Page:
Mrs. Casner was born August 10, 1930, in Montgomery county, INd. She was married to the late Lewis B. Casner on the 17th of September, 1853. She was mother of eight children. Four of whom survive her. They are Mrs. J.W. Wikoff of Crowley, La.; Mrs. John A. Dawson of Chicago; John Casner of Decatur and Mrs. A.B. Chapman of Casner, Ill. In addition are left eleven grand-children to mourn her death.

Mrs. Casner was a kind hearted Christian woman; her life was one of self-sacrifice and devotion to her family; she believed in her religion and manifested her faith by her good works. Although dead, her superior qualities and her works of love will live long in the memory and affection of all who knew her.

The greater part of her life was passed at Casner, where the beautiful old homestead was built. For a time Mr. and Mrs. Casner lived in Decatur and built the mansion on West Main street now owned by Dr. Will Barnes. At that time Mr. Casner was interested in the Citizens National bank and other Decatur enterprises.

The funeral will be held Wednesday afternoon at 1 o'clock from the residence of Mr. and Mrs. E.B. Chapman. The burial will be in Long Creek cemetery. The train that leaves Decatur at 11:15 will stop at Casner. Those who wish to attend may return at 8:44 at night.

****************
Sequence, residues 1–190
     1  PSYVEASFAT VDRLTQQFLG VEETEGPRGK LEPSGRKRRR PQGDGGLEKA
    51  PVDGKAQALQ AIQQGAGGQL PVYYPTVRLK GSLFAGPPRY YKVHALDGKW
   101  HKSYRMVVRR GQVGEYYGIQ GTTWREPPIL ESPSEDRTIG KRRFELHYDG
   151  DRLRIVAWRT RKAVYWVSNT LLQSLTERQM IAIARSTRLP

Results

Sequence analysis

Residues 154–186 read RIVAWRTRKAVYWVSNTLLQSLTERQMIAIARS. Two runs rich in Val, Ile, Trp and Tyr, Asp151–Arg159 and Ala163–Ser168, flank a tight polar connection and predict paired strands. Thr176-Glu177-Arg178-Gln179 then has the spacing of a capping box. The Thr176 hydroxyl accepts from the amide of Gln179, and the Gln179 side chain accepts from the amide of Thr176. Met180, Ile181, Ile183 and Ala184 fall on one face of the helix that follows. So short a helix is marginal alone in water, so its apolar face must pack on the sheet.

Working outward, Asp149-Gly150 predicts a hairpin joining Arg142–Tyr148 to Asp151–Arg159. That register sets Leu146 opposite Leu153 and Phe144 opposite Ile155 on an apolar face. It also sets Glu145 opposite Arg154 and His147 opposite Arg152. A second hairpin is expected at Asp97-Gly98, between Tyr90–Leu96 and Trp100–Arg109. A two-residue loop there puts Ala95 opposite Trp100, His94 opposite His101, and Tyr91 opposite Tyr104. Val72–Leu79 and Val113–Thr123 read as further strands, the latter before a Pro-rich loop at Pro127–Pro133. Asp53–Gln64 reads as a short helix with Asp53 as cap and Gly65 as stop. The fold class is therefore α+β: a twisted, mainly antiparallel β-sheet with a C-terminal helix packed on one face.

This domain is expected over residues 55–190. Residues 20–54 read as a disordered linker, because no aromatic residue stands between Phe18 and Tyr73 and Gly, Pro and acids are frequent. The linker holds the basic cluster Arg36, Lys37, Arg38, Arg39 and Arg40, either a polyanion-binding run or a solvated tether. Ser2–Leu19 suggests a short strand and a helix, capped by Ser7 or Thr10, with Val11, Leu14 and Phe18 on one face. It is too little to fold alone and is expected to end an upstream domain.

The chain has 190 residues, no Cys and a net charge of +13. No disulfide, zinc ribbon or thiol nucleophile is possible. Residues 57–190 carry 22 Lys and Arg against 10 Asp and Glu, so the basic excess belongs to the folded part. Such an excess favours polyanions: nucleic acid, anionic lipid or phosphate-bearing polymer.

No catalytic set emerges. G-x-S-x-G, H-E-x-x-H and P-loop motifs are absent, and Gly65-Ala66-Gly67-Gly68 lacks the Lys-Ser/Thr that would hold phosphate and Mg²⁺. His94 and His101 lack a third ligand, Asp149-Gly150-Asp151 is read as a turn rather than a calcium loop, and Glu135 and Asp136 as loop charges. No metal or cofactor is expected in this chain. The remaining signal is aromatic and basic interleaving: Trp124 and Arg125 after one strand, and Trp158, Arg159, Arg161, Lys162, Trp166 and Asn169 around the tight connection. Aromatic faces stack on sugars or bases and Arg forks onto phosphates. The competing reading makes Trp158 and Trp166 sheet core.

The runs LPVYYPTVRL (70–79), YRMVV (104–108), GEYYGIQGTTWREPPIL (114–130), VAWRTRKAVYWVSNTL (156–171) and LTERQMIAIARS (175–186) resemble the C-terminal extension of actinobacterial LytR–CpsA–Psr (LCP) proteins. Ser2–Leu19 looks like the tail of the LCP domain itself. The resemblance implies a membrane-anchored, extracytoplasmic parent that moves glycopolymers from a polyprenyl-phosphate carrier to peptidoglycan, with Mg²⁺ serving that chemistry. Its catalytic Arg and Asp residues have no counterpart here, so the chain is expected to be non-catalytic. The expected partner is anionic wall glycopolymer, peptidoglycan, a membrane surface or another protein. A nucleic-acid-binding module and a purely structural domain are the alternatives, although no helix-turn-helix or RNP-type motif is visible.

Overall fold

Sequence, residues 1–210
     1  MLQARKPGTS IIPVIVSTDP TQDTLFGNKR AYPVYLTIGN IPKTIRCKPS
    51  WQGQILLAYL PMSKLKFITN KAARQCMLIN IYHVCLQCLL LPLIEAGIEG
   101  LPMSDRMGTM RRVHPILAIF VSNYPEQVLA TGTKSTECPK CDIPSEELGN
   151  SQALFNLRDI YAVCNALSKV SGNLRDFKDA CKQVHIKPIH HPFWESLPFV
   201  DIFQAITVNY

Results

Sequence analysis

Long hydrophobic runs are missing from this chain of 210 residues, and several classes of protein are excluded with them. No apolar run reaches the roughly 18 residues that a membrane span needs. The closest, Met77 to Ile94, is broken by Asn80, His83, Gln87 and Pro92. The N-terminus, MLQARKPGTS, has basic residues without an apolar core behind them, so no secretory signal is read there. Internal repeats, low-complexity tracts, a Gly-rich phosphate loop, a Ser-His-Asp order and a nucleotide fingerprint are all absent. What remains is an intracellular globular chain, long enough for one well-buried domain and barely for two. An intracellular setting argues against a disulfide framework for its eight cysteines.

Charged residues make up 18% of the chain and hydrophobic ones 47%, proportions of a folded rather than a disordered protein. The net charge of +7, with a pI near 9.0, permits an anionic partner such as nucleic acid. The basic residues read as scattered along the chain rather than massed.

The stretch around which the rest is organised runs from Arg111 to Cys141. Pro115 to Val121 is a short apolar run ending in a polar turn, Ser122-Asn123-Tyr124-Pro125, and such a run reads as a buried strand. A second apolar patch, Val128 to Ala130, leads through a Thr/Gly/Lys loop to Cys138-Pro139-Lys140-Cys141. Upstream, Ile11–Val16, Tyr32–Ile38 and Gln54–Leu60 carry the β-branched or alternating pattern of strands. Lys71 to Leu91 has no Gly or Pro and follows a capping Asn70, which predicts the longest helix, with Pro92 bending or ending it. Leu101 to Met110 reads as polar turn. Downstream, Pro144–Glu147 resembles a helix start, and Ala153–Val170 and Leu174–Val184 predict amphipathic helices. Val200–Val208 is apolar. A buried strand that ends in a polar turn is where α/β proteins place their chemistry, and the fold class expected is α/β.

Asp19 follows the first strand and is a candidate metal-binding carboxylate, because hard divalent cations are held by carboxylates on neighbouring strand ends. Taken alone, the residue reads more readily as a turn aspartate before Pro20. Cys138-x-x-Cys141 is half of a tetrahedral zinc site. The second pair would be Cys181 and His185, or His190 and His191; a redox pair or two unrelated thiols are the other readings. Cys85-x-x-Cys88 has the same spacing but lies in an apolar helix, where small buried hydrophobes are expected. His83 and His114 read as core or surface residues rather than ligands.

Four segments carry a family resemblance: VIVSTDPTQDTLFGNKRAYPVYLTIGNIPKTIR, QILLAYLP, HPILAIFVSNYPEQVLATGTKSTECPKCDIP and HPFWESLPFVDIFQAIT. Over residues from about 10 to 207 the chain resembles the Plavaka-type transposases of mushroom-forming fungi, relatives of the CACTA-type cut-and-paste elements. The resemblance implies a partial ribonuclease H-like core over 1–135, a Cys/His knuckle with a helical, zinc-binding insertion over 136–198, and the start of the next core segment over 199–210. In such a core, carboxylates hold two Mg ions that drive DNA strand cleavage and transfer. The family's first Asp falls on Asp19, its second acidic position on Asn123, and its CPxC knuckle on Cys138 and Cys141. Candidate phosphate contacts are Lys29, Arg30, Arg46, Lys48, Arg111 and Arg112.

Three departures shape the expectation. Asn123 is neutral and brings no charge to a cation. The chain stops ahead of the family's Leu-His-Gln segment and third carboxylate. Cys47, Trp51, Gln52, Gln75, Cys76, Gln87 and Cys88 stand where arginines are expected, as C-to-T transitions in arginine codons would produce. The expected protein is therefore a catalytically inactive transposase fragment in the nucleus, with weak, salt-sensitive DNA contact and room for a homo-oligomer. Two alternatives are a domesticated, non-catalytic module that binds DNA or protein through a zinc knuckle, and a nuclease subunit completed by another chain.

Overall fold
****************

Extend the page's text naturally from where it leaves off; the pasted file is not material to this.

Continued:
Decatur Herald, 10 Nov 1905





  CASS, Eddie L.

DIED at the residence of D.L. Bunn in this city yesterday, Eddie L., son of Lewis and Alida Cass, aged 3 years and 3 months.

Decatur Republican, 13 Feb 1868





  CASSELL, Beatrice

Beatrice Cassell, the infant daughter of Mr. and Mrs. Charles H. Cassell, died at 6 o'clock Wednesday evening of congestion of the brain, aged 7 months and one day. The child was sick only five days. The loss is keenly felt by the parents, for their attachment for the little one was very great. The heartfelt sympathy of their friends is extended to them. The funeral will take place at 4 o'clock today from the residence, 734 West Decatur street.

Review (Decatur), 9 Jan 1891





  CASSELL, Berry H.

BERRY H. CASSELL DEAD; CAME TO DECATUR IN 1839

Our City's Most Interesting Old Settler Passes Away At Age 82 - His Life A Link With Early History of Town

Berry H. Cassell died at 4 o'clock on Wednesday morning at Cassell's Castle at the head of South Webster street. He was in the eighty-third year of his age.

ILLNESS

The immediate cause of his death was gangrene of the left foot, which set in last Friday, though he had been in failing health for years. He had been blind for the past twelve years and his decline has been steady. Since last spring he had failed rapidly. He did not suffer much pain until last Friday, when gangrene set in but from that time on he suffered greatly. In spite of his blindness and his physical delcine, Mr. Cassell's mind remained perfectly clear and bright, and he loved to converse with friends who called to see him. Up to within a few hours of his death, he was able to talk with those about him, and even when no longer able to talk he recognized those at his bedside.

A singular circumstance connected with his death is that his wife Louisa Ann Cassell, died a year ago this month, and her death was caused by gangrene which affected the same foot.